New Report Indicates EPA’s IRIS Program is Making Progress
The EPA’s Integrated Risk Information System (IRIS) program has made substantial progress in implementing recommendations outlined in past reports by the National Academies of Sciences, Engineering, and Medicine, improving the program’s overall scientific and technical performance, says a new Academies report. The program, which is used to assess the hazards posed by environmental contaminants, remains a work in progress and should continue to evolve as it adapts and applies new scientific practices and knowledge, the report says.
The transformation of the IRIS process began several years ago after the release of a 2011 Academies report that provided suggestions for creating a more systematic and transparent IRIS process. In a 2014 report, the Academies reviewed the changes implemented in the program since 2011 and concluded that the improvements were considerable. Under the program’s new leadership, EPA asked the National Academies to review again the agency’s progress toward addressing past recommendations.
The Academies’ latest review finds that IRIS has made substantial progress in incorporating systematic-review methods into its process and assessments. IRIS has also established a systematic-review working group and engaged subject-matter experts. According to the new report, these groups should increase efficiency and consistency among assessments and improve the scientific rigor of the assessments.
“The changes in the IRIS program over such a short period of time are impressive,” said Jonathan Samet, dean of the Colorado School of Public Health and chair of the committee that wrote the report. “We see a substantial commitment at EPA to use systematic-review methods in conducting assessments, which are important for identifying, evaluating, and summarizing the findings from current literature and integrating the evidence available to inform decisions.”
The committee also said the program has developed a number of collaborations with such groups as the World Health Organization, the National Toxicology Program Office of Health Assessment and Translation, and the European Food Safety Authority that will help position the IRIS program as a leader in advancing systematic-review methods.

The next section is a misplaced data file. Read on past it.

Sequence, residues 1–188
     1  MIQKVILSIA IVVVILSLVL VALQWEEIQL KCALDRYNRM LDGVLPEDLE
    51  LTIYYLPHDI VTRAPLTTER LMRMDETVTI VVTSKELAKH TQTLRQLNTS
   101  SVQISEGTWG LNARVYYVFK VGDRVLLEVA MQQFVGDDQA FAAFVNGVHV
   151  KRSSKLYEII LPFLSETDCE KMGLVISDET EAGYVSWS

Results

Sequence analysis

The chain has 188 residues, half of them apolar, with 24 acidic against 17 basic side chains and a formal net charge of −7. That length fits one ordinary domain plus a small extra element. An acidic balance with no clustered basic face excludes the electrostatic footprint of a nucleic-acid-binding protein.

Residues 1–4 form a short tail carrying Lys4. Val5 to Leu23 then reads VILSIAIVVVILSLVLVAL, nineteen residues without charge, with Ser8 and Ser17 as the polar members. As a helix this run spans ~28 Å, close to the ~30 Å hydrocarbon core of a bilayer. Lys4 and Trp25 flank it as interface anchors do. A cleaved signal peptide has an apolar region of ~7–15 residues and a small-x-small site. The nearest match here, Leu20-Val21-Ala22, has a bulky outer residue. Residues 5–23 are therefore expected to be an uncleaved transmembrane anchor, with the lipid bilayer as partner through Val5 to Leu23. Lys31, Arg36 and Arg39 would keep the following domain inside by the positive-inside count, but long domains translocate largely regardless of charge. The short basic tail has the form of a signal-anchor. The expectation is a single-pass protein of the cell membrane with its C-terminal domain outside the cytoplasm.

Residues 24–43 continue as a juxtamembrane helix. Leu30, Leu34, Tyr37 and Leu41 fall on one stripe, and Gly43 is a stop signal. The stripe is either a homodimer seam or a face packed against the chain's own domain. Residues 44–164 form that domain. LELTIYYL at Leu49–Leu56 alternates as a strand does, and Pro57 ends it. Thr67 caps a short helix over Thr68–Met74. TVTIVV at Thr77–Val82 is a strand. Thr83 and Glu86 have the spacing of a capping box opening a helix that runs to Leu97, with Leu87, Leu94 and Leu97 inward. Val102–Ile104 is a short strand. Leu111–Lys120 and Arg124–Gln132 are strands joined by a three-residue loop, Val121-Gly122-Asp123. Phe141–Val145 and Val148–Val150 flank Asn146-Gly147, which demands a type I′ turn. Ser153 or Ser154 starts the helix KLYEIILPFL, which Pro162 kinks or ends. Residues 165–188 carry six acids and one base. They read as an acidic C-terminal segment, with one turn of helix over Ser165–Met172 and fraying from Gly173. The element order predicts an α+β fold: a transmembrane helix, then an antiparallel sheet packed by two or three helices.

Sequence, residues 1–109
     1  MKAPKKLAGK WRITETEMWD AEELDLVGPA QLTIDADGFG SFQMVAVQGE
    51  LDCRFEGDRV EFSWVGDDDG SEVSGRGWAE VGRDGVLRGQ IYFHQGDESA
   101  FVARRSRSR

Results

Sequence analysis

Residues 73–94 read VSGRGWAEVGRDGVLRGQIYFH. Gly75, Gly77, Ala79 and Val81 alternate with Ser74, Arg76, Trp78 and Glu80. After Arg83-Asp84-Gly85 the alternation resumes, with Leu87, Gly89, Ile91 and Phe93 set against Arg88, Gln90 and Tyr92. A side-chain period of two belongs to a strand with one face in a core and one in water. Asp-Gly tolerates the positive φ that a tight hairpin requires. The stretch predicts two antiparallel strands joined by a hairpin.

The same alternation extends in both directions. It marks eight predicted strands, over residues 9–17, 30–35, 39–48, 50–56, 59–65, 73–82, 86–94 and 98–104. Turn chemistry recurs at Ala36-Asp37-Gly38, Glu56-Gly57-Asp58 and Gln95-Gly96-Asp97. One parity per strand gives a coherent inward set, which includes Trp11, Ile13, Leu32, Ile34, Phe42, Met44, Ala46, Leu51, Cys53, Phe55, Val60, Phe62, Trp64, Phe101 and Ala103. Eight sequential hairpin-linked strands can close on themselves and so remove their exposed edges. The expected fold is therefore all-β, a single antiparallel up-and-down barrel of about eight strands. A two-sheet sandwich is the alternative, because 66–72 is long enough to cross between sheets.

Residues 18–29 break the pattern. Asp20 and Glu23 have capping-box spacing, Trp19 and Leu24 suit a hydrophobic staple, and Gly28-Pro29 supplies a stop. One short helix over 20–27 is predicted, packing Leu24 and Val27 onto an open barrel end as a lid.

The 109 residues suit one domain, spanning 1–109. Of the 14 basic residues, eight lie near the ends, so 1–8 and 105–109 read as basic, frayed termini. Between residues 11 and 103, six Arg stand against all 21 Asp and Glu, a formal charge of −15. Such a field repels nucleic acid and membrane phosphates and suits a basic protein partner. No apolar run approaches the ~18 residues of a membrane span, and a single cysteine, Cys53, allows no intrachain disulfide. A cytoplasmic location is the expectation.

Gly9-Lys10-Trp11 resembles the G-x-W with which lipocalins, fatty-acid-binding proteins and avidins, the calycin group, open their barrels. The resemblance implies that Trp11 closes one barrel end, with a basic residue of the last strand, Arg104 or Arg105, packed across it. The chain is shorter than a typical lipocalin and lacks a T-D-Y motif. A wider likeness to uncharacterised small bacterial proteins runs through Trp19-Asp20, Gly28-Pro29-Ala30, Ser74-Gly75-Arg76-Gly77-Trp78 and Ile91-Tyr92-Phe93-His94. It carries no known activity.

The report offers recommendations for some refinements and further development in different stages of its systematic-review process and risk quantification process and urges EPA to give high priority to completion, peer review, and release of its IRIS handbook, which is expected to provide critical guidance for the development of IRIS assessments. The committee noted, however, that EPA is describing its approach in IRIS protocols, and this practice provides transparency while the handbook is being completed. The study was sponsored by EPA.
New Coating Increases Absorption Capacity of Solar Cells
Trapping light with an optical version of a whispering gallery, researchers at the National Institute of Standards and Technology (NIST) have developed a nanoscale coating for solar cells that enables them to absorb about 20% more sunlight than uncoated devices. The coating, applied with a technique that could be incorporated into manufacturing, opens a new path for developing low-cost, high-efficiency solar cells with abundant, renewable and environmentally friendly materials.
The coating consists of thousands of tiny glass beads, only about one-hundredth the width of a human hair. When sunlight hits the coating, the light waves are steered around the nanoscale bead, similar to the way sound waves travel around a curved wall such as the dome in St. Paul’s Cathedral in London. At such curved structures, known as acoustic whispering galleries, a person standing near one part of the wall easily hears a faint sound originating at any other part of the wall.
Whispering galleries for light were developed about a decade ago, but researchers have only recently explored their use in solar-cell coatings. In the experimental set up devised by a team including Dongheon Ha of NIST and the University of Maryland’s NanoCenter, the light captured by the nanoresonator coating eventually leaks out and is absorbed by an underlying solar cell made of gallium arsenide.
Using a laser as a light source to excite individual nanoresonators in the coating, the team found that the coated solar cells absorbed, on average, 20% more visible light than bare cells. The measurements also revealed that the coated cells produced about 20% more current.
The study is the first to demonstrate the efficiency of the coatings using precision nanoscale measurements, said Ha. “Although calculations had suggested the coatings would enhance the solar cells, we could not prove this was the case until we had developed the nanoscale measurement technologies that were needed,” he noted.